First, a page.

“For anyone seeing this post, let me clarify this. I passed the pesticide disclosure bill in 2013 that makes it Mandatory to report restricted use pesticides to the public. Shortly after, 2491 came out by the Kauai County. Then the Kauai Good Neighbor Program was developed and for 3 years reporting by large Kauai ag companies has been occurring. Now in 2017 the Dept. of Ag will be rolling out this program for the whole state to follow. They need to move carefully, and in step with resources to make sure the program can work. You cannot throw mandates without a budget to do it. So let’s be honest about this Gary Hooser. Tell people the whole truth. HB 790 is badly written, and will cost taxpayers a lot of money to accomplish zilch. I do careful and responsible legislation and am embarrassed to see this bill passed in its form. This is an attack to my district who many are employed by these businesses. Who work hard to provide a quality lifestyle for their families, who are community leaders that volunteer to provide children access to sports, community and school events. THE DISCUSSION WE NEED IS ABOUT LEAD POISONING.”
March 8, 2017
Good people can look at the same information and come to different conclusions.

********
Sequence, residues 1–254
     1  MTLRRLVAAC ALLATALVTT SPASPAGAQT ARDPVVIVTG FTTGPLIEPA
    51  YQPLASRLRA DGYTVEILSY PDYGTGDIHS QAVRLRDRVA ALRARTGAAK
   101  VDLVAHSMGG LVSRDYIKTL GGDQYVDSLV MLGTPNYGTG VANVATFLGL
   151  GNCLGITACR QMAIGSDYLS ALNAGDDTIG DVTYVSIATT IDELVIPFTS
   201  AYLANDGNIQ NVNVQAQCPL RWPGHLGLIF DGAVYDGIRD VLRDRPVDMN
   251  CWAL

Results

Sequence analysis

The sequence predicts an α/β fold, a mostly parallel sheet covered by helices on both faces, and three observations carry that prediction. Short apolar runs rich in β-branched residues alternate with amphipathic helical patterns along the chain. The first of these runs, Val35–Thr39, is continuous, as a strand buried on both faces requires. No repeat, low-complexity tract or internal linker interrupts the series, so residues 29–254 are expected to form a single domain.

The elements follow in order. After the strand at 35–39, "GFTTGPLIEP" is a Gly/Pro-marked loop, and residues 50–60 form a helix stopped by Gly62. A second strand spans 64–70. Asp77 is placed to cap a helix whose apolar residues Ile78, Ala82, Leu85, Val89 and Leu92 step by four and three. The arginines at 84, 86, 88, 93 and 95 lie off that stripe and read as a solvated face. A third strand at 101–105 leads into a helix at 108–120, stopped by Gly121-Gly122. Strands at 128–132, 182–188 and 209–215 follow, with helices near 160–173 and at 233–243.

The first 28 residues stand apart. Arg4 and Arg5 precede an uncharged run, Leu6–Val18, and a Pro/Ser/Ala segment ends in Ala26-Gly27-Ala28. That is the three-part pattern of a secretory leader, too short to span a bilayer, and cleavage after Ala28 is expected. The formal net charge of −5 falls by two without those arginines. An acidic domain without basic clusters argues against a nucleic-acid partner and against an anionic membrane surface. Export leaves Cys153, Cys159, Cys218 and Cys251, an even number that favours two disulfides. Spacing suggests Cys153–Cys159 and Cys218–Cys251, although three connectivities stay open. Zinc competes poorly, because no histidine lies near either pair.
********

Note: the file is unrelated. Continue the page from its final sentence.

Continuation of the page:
The disclosure Bill you passed in 2013 while well intended and I applaud your effort the end result is totally inadequate and does not accomplish what is needed. http://www.civilbeat.org/2015/03/after-2-years-hawaii-still-wont-enforce-pesticide-disclosure-law/?utm_medium=email&utm_source=users&utm_campaign=morning_beat
The so-called Good Neighbor Program is voluntary, participation is inconsistent, the reports do not include all pesticides and critical pre and post application public notification/signage requirements are woefully inadequate. For the past year the state department of agriculture has suggested that they intend to go “statewide” but we have yet to see that happen, and there are no indications it will happen anytime soon.